- The appearance of Franco’s regime scarcely surprises in the Europe of the thirties, when the Europe of the authoritarianisms full cry –with leaders and forms of government more or less in that way. What really calls the attention is its duration. The key of this lay in the trauma that supposed the civil war, in an spectacular economic growth (1950-1975) and in the progressive adjustment of the regime to the evolving international situation.
- The Transition to the democracy (began in 1975, but not started at ground zero) was a very interesting period, in which the idea widely agreeded was to reach consensus and to look onwards not to repeat the past mistakes.
- The current Government (2004-?) is lamentably characterized by its frivolity and low level. It does not furnish an answer to the current problems, especially the economic ones. Its ideological speech is simple and frequently irresponsible. As a distraction from the country’s real problems, it has backed out of the Transition work, to get muddy in past stories. You can add to this the current Government anticlericalism bordering on anticatholicism. At present, the ballot polls are unpromising for them and so they are looking for convenient headlines: this is the interpretation that they have placed to the Valley of the Fallen.

I finish with the prudent words of the abbot of the Benedictine Abbey of the Holy Cross of the Valley of the Fallen, Fr. Anselmo Álvarez (20-11-2010): “to prohibit the mass in the basilica reduces the religious freedom” (“prohibir la misa en la basílica merma la libertad religiosa”).

Yours faithfully.

God bless you, sir, and welcome to Fisheaters!  :tiphat: I am of proud Spanish descent (as I'm sure many here are tiring of me saying  ;D) and I keep Spain in my prayers daily.
Rogamos que un nuevo Franco vendrá a  reclamar España una vez más para la mayor gloria de Dios y Su Iglesia Católica. ¡EL Cid, le necesitamos conducir a estos infieles nuevos-moriscos fuera de esta sagrada pais!  Rodrigo Díaz de Vivar, ¿donde estas?
FSE, may God bless you and may He bless Spain. I hope that Spanish Catholics will follow the good examples of General Franco and Jose Antonio and live out their faith both privately and publically.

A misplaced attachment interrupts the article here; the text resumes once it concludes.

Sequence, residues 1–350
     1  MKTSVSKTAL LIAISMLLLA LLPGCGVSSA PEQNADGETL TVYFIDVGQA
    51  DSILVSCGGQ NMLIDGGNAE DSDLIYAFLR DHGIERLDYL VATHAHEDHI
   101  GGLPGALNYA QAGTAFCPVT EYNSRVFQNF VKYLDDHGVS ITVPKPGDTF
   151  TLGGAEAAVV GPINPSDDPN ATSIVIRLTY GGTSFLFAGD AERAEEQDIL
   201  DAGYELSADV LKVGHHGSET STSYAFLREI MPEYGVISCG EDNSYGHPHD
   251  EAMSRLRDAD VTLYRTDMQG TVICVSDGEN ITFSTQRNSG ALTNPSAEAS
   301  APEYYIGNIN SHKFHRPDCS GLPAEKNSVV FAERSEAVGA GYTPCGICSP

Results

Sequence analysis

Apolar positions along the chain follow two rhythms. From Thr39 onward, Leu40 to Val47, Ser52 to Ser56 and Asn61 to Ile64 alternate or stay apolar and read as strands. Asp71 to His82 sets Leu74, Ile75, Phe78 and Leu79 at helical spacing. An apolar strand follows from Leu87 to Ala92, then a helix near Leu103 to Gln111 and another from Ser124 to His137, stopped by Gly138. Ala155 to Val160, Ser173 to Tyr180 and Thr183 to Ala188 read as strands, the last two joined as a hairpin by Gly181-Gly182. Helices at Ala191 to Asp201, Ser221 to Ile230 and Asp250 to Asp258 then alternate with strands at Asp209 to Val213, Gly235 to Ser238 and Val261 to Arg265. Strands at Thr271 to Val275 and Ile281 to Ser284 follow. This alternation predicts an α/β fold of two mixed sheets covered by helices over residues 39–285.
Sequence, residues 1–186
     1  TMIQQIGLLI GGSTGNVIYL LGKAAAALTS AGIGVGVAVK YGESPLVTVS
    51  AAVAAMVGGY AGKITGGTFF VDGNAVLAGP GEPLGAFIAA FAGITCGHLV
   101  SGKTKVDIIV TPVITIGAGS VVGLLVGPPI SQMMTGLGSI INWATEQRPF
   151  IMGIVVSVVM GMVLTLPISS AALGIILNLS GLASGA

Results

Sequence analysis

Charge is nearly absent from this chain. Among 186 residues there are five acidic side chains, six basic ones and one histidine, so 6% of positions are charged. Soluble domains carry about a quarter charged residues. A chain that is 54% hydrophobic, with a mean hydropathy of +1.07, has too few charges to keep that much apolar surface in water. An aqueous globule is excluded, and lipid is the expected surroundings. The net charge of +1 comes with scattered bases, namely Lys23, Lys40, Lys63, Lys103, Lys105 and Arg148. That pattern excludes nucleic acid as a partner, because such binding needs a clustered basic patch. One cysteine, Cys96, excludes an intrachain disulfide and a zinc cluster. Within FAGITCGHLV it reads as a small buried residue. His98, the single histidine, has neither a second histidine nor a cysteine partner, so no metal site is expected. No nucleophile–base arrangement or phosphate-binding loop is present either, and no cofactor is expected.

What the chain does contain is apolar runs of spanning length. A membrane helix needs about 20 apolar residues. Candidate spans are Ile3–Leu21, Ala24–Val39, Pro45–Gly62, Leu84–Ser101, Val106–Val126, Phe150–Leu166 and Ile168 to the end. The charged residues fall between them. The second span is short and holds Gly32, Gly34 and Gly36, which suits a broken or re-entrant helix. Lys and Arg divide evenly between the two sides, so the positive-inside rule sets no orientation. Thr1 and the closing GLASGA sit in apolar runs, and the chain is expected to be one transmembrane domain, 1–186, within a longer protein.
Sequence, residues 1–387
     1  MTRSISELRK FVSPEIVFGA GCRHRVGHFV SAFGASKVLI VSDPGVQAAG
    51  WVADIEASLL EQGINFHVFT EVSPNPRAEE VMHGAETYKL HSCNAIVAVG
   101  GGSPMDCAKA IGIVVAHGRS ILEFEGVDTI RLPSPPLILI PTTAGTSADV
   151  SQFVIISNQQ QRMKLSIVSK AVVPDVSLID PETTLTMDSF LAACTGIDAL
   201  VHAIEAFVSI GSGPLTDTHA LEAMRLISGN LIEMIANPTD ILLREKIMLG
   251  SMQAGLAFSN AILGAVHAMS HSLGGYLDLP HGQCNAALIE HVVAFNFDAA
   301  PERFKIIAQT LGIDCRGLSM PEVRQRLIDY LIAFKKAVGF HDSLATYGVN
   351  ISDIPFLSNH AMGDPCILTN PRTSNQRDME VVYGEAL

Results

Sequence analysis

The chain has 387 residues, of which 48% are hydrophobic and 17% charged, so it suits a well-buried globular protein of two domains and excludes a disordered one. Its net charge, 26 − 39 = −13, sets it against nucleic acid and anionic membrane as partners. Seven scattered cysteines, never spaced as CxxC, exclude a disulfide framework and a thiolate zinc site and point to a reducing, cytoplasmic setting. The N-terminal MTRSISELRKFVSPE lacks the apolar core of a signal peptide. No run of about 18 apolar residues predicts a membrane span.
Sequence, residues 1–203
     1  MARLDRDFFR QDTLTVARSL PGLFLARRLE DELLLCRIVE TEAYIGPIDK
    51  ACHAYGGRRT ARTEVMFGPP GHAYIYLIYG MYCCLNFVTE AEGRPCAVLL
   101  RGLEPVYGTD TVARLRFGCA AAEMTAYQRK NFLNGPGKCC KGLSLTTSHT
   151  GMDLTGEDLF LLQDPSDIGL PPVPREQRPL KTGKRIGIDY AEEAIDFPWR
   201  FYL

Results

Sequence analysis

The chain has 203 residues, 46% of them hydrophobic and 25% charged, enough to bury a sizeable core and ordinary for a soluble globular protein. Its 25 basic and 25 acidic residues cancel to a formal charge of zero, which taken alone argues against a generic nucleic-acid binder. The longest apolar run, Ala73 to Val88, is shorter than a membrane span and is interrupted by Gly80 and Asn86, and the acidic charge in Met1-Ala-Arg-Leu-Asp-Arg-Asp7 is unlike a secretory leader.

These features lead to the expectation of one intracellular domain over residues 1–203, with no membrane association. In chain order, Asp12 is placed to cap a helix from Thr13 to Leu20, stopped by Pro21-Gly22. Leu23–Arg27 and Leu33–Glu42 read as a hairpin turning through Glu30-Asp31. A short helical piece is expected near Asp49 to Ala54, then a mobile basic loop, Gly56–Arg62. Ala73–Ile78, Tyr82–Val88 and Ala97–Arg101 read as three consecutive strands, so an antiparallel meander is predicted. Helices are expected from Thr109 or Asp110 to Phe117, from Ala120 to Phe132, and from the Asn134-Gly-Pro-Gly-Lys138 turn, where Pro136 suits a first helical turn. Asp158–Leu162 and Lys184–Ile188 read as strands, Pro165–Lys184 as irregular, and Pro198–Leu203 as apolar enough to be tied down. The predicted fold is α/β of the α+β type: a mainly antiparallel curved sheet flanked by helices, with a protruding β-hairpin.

I send you this brief e-mail to inform you that the situation persists in the Benedictine Abbey of the Holy Cross of the Valley of the Fallen (“abadía benedictina de la Santa Cruz del Valle de los Caídos”). Yesterday we celebrated mass with the monks in the open-air. It was hard. A person fainted for the cold behind me. If you want to see some pictures by way of illustration, you can look them at    http://www.minutodigital.com/2010/12/05/...os-caidos/

Please, would you say a prayer for these benedictine monks? Thank you very much indeed. God bless all of you.
Dear Sirs,

The government minister Ramón Jáuregui announced yesterday that they are ordering to re-open the basilica of the Abbey of the Holy Cross of the Valley of the Fallen on Sunday 19th. He argued safety reasons to block the faithfull access to a worship place from the beginning of November, coinciding with the Pope's visit to Spain. Clearly, the Government has seen the response and they do not want the international diffusion of images of monks and faithfull community celebrating the Christmas mass out in the open. In spite of this reopening, the minister stressed that the Government will continue in his determination to achieving the "recovery" ("recuperación") of the Benedictine Abbey of the Valley of the Fallen.

I finish expressing my thanks to your forum. It has been one of the very few English-speaking media which have echoed this anomalous and worrying situation in a western country: a Government preventing the mass in the basilica of a monastery for mere political interest.

Yours faithfully.